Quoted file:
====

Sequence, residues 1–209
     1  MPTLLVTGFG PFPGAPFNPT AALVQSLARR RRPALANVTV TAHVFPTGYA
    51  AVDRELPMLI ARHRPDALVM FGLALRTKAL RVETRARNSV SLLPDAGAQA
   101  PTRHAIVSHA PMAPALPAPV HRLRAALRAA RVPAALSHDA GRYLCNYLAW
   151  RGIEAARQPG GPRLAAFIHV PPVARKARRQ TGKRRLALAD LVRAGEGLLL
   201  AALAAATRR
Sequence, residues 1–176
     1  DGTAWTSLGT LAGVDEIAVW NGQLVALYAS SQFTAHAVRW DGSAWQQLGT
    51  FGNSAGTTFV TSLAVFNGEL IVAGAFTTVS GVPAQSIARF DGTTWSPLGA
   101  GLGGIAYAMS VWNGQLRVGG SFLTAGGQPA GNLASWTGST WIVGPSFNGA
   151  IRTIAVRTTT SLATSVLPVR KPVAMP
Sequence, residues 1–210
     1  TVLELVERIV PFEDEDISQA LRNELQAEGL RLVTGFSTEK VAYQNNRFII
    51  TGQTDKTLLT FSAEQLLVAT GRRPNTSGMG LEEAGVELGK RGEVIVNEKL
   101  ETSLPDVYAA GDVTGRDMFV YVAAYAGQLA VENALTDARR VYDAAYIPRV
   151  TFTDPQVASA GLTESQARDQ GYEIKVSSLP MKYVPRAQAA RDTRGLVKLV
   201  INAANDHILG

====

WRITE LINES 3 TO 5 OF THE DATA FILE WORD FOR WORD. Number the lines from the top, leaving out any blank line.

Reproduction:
    51  AVDRELPMLI ARHRPDALVM FGLALRTKAL RVETRARNSV SLLPDAGAQA
   101  PTRHAIVSHA PMAPALPAPV HRLRAALRAA RVPAALSHDA GRYLCNYLAW
   151  RGIEAARQPG GPRLAAFIHV PPVARKARRQ TGKRRLALAD LVRAGEGLLL